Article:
Belated celebration for Manipuri expats in Melbourne

By Our Reporter
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Manipuri women in their colourful phi and phanek

After the cancellation of two major events—Cheirouba (Lunar New Year) in April and Ningol Chakauba (a festival celebrated to strengthen the bond of love between married ladies and their paternal families) in November, the small Manipuri diaspora finally got out of lockdown mode and got together this weekend to make up for lost time.

Like any other diaspora, the Manipuris or Meiteis, who originally belong to the north-eastern state of Manipur in India, wear their culture on their backs and love to replicate the celebrations they have been brought up with.

Kelvin Angom, an IT professional, and his wife Minolata hosted the event at their home. For the Angoms, this was special as they had two new members to be part of the celebration—their daughter who they welcomed just before the start of the pandemic, and their visiting mother from Manipur.

The day was marked with the cooking of indigenous foods such as ngatoi (fish curry), ooti (special greens and lentil curry), singju (special salad spiced with perilla seeds, fermented fish, ghost pepper), keli channa (a special chickpea preparation), laphutharo eromba (the essence of every Manipuri meal made of banana flower), to name a few.

The women were dressed in their best Meitei colourful attires and happily posed for photographs to share on social media and their families back home, who encourage what they see as linking together the often fragmented worlds people inherit when they leave their roots.

For Reema Maisnam, a garment technician, married to Aakash Oza, an IT professional and a Gujarati, these celebrations are a great bonding time with a family away from home. Their six-month old son, who was born during the pandemic, is now a part of the vibrant culture about to inherit an amalgamation of cultures. “I am so happy to introduce Aarush to everyone,” she beamed.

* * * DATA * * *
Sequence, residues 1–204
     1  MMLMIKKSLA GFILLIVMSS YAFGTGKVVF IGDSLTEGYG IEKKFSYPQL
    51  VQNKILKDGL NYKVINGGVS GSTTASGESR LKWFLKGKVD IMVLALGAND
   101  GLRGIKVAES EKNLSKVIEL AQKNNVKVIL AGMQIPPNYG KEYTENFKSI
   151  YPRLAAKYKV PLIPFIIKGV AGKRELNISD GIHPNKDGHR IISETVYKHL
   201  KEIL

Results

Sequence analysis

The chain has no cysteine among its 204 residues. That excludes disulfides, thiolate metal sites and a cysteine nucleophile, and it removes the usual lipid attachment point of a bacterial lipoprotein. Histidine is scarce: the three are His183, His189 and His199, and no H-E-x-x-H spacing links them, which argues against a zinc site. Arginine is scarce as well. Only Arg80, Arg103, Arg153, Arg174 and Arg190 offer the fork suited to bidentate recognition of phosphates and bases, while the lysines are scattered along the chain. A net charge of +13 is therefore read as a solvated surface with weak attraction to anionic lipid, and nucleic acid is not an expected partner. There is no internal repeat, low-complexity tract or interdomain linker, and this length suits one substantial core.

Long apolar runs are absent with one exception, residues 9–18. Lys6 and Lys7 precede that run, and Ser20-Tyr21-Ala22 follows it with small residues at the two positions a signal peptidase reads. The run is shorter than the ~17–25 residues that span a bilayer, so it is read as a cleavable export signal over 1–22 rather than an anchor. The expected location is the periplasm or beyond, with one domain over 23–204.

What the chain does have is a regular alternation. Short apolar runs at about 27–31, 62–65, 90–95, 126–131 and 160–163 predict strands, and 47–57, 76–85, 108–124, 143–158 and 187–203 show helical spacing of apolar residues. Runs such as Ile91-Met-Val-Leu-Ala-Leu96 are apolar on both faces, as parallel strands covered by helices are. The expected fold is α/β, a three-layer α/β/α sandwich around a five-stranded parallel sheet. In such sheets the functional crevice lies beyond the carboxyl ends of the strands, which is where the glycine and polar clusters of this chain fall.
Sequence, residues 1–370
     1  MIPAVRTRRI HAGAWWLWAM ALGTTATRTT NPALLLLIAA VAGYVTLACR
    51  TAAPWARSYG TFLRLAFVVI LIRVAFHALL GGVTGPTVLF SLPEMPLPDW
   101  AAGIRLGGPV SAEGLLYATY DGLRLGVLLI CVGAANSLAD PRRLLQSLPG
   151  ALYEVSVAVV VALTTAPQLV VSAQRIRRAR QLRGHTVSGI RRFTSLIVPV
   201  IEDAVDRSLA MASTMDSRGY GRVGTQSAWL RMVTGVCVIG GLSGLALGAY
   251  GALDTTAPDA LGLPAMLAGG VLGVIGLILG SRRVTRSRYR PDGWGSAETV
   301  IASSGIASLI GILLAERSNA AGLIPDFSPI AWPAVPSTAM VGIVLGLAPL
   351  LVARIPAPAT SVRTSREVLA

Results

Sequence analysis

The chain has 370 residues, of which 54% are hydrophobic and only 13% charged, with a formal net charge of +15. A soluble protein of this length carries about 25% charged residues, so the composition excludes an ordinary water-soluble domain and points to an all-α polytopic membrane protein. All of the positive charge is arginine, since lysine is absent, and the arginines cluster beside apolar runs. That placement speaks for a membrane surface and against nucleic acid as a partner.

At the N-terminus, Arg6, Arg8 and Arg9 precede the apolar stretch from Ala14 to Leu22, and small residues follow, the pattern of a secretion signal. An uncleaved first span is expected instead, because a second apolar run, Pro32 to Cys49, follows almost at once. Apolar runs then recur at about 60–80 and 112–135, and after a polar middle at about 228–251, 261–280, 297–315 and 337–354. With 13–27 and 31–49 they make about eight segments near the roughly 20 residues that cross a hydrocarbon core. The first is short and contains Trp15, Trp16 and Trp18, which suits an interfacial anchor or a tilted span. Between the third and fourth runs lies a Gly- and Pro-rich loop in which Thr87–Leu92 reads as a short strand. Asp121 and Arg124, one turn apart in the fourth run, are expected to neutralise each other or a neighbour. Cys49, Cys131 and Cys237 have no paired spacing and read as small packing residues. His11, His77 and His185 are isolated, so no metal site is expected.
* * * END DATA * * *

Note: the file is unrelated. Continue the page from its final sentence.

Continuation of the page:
The tight-knit group of over 30 members (and growing) have over the years also seen the inclusion of Manipuris originally from Bangladesh. “Irrespective of where you come from, the fact that you speak the same language, share the same food and culture creates an emotional openness and sense of belonging,” said Gita, a professional health worker, who migrated to Australia in 2007.

Interestingly, Manipuris are known for their rich contribution to arts, culture and sports in India and the world. The Manipuri dance is one of major Indian classical dance forms, the sport of Polo is said to have originated in Manipur and Mary Kom, Indian boxing sensation and world champion, who won a medal at all eight AIBA World Boxing Championships since its inception in 2001, is also a pride of Manipur.

The small diaspora does carry a chip of this pride on their shoulders!


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